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Suppose we want to determine the potential energy between a hydrogen atom and a surface, such as Cu(001), during hydrogen scattering on Cu(001) surface, assuming that the hydrogen atom does not change the surface structure.

I used DFT to performe single-point calculations to find the potential energy at various heights of the hydrogen atom above the surface. The potential energy was calculated using the equation: $$ E_{potential} = E_{H+surface} - E_{H} - E_{surface} $$ The results looked like

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The question then arises: is the method outlined above reliable for computing the H-surface potential energy? Can DFT accurately calculate the potential energy in dynamical processes?

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The real question is not about DFT but the validity of the hypothesis that the scattering process is slow compared to the copper atoms' dynamics.

DFT assumes the adiabatic approximation for the electronic dynamics. I.e., electrons follow the ionic dynamics instantaneously, always remaining in their instantaneous ground state. Considering the typical excitation energies and atomic scattering processes, I would take the validity of such approximation for granted in most cases.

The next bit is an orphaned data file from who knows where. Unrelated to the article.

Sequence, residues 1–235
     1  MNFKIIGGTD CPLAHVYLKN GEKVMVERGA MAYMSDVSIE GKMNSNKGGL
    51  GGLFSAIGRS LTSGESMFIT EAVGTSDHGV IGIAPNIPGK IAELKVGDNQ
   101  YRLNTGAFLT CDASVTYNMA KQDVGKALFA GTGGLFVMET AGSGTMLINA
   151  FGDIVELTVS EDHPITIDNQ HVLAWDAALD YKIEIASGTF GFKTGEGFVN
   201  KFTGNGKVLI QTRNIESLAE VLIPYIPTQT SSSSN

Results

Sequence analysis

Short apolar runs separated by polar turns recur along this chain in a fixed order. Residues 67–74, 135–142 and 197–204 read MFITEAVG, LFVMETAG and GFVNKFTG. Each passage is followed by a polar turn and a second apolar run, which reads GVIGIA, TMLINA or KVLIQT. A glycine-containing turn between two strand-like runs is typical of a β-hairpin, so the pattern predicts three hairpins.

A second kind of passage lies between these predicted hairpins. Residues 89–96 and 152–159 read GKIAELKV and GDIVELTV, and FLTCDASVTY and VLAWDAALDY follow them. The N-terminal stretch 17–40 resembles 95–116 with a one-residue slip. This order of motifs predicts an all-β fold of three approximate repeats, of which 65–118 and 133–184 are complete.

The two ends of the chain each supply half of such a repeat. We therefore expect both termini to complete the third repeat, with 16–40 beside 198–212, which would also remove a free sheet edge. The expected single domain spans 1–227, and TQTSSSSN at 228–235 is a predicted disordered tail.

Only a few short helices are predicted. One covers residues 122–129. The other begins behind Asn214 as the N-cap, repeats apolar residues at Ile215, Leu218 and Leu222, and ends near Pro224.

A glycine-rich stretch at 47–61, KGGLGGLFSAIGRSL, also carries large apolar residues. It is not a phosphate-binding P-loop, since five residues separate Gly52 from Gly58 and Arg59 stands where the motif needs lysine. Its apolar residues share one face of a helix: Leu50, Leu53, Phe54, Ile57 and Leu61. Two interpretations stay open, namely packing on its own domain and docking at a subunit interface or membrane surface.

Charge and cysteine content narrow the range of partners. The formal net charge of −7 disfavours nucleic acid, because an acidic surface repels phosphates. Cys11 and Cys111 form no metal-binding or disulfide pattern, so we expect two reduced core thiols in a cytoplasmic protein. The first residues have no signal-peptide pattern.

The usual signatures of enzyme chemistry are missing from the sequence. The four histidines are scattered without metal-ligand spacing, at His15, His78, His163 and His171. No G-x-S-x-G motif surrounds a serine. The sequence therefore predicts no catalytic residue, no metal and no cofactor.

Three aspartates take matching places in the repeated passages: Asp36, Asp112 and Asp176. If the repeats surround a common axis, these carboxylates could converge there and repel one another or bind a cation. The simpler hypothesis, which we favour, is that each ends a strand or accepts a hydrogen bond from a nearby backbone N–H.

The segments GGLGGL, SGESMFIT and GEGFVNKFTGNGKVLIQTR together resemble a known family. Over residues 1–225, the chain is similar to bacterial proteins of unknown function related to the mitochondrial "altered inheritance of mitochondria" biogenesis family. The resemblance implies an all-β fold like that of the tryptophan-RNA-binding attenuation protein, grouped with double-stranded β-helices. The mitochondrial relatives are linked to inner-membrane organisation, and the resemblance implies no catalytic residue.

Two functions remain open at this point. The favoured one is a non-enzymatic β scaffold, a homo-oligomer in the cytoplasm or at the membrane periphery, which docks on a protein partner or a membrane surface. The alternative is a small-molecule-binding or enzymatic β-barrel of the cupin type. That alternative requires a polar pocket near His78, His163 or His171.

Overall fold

A different story is related to the ionic time scales. The assumption that the hydrogen atom does not change the surface structure does not guarantee that a sequence of static calculations where $Cu$ ionic positions are allowed to relax to their instantaneous equilibrium values accurately represents what is going on in the actual process. Indeed, even keeping the same structure, copper ions may move according to the normal modes of the surface slab, and depending on the energy of the hydrogen atom, the scattering process may interact with such modes.

The most direct way to assess the validity of a static calculation would be to perform a dynamic calculation, using ab initio molecular dynamics, with the parameters relevant to the experimental situation.

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